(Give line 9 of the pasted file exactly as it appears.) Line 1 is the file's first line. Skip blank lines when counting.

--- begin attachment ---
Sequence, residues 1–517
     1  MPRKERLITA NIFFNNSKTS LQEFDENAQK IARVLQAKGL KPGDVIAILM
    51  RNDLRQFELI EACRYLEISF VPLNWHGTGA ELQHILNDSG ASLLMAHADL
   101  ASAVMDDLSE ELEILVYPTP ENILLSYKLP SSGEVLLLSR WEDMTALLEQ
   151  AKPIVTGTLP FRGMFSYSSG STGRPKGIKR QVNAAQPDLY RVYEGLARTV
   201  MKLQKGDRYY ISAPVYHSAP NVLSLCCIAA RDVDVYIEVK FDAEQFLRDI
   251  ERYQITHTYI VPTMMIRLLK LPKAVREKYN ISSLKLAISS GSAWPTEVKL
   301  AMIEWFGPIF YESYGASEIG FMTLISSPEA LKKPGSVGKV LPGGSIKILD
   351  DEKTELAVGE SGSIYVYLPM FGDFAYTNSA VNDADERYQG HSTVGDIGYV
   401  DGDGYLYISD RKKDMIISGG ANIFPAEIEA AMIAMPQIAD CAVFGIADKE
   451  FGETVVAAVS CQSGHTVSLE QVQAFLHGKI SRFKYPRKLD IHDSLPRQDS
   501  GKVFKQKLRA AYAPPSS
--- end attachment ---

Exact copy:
   351  DEKTELAVGE SGSIYVYLPM FGDFAYTNSA VNDADERYQG HSTVGDIGYV